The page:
Australia needs major new investment in preventative health because testing numbers for histology and other common diagnostics remain below pre-pandemic levels, public health experts are arguing.
New data shows histology testing rates are currently between 2% and 18% below 2019 levels around the country, with campaigns to catch up on early cancer detection apparently failing to reverse the impact of COVID-19.
Full blood counts (FBCs) – one of the most frequently ordered tests in Australia – are also down in NSW and Queensland and are only just beginning to recover in other jurisdictions.
On the other hand, HbA1c assays have surged by around a third nationwide, driven by growing use of the test for diabetes screening.
Compiled by Deakin University public health academic Professor Catherine Bennett using private pathology company data, the numbers suggest at least some aspects of care are yet to fully return to normal even with restrictions no longer in place.
“While we see encouraging trends in diabetes management, reflected by a significant uptick in HbA1c testing, the persistent decline in cancer testing rates is persistently lower than in 2019,” Professor Bennett told a webinar for the Continuity of Care Collaboration last week.
“This is concerning, especially in histology, where delays in testing trends may be associated with a rise in indicating a looming crisis in late-stage cancer diagnoses, which could have been preventable with earlier detection.”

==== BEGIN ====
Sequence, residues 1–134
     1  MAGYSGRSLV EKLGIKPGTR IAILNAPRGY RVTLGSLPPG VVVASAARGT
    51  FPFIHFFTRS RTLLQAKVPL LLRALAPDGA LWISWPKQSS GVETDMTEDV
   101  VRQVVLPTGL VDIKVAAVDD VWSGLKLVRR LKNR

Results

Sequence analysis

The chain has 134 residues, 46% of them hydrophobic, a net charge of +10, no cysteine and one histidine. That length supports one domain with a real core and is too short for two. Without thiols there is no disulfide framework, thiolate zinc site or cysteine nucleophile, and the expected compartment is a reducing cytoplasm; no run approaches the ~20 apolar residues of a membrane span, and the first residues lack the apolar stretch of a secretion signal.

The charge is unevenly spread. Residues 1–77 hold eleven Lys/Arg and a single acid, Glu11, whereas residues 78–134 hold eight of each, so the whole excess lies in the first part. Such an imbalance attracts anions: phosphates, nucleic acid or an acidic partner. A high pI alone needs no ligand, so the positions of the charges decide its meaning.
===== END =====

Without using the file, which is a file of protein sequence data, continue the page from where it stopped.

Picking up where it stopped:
“It’s important that we understand the barriers preventing people from accessing regular cancer testing.”
It comes as the Royal College of Pathologists of Australasia warns a national shortage of pathologists is driving significant delays in turnaround times for tests, which have blown out from 2-3 days to the same number of weeks in some cases.
The college, which stresses growing complexity is another major factor, is calling for state and federal governments to fund more training positions. The latest estimates show there will be a shortage of up to 92 pathologists across Australia by 2030, it says.
The Continuity of Care Collaboration webinar also heard from Dr Rob Grenfell, a public health physician and executive at Grampians Health in Western Victoria, who said the diagnostic testing issues were having a major impact in the regions.
“An endocrinologist I’ve been speaking to has told me they’re seeing more people now coming to them with more advanced disease or more poorly controlled disease,” he said.
“Beyond that, the histopathology figures are a real warning to all of us. And again, we have anecdotal evidence that people are presenting with more advanced cancers.”
“It’s also cardiovascular disease. The head of our cath lab told me recently that people are coming in with more advanced disease because they haven’t been getting the prevention or the screening they need. These are real warning signs.”
Professor Bennett said that while the numbers presented a complex picture, they did highlight a need for better messaging to drive preventative health care.
“We also know through COVID that the way health communication worked or didn’t work varied through the population,” she said.
“You add a layer of additional fear about contracting infectious disease when there’s a surge in infections on and then maybe you lose the people that can least afford to not be engaged.”
“I do think we have to look more deeply to get a better understanding of where tests are being impacted.”